The seed is starting to take shape as the site and symbol of freedom in the age of manipulation and monopoly of life. Along the lines of Dr. Shiva’s concerns, it is important to understand how corporate global control of our food production system effect us all. There are small things we can all do to preserve the heritage and diverse history of the food that we eat.
There are many different seed varieties available around the world, and it is important to know some of the “history” behind the seeds available on the market today. The following are three examples of seeds types one might find through seed banks and garden shops these include heirloom seeds, hybrid seeds and genetically modified seeds.
Heirloom seeds, also termed “open-pollinated seed varieties,” means that a particular plant can be grown from an heirloom seed and will produce “true-to-type.” In other words, the next generation of plant will look just like the parent plant. Essentially this means that if the seeds produced from a plant are properly saved, they will produce the same variety year after year.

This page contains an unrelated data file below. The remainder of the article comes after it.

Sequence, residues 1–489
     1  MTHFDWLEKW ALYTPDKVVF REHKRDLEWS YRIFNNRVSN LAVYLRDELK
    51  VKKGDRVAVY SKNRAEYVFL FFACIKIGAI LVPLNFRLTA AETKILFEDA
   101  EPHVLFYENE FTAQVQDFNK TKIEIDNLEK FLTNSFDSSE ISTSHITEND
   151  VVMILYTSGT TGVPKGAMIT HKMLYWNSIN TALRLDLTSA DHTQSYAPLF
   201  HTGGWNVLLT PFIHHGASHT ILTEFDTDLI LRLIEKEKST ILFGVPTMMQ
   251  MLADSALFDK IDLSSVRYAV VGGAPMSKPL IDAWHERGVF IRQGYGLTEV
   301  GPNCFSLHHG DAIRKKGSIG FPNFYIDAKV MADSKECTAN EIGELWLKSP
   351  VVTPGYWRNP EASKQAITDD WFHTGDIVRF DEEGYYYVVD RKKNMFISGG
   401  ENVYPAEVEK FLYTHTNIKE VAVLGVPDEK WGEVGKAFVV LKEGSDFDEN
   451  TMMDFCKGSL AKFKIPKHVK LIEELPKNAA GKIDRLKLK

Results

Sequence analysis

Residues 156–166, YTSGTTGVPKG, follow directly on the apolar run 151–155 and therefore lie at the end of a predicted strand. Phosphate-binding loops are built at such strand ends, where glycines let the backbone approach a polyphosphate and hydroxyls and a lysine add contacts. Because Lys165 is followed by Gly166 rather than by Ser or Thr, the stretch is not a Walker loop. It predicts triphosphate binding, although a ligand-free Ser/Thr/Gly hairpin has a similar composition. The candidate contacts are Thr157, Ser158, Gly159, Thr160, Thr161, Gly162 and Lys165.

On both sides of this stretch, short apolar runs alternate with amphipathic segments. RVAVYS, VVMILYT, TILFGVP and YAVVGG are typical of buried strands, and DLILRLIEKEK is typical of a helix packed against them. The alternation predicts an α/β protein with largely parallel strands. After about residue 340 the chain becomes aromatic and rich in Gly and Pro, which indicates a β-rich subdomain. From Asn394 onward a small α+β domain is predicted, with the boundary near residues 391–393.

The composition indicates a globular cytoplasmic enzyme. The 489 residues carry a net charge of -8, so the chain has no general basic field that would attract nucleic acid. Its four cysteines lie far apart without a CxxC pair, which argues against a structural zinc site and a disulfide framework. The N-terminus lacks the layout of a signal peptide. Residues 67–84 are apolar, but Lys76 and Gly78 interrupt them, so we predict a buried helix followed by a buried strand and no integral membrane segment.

Heirlooms have been collected because of their high quality, unique flavor and genetic stability. According to Seed Savers Exchange, an heirloom seed is ”Any garden plant that has a history of being passed down within a family, just like pieces of heirloom jewelry or furniture. Some companies have tried to create definitions based on date, such as anything older than 50 years.”
According to heirloomseedhistory.com, there is no exact definition for the term “Heirloom Seed”:
“In fact, there have been entire books dedicated to this subject and still there is no agreement between gardeners as to what constitutes an heirloom and what does not. Many gardeners think there should be some history behind the variety, perhaps a story on a variety’s introduction, some ethnic background or a tie to a certain time in history. Part of the joy of growing heirlooms is discovering these stories behind the seeds. But in some cases, the early history of some seeds is not known.”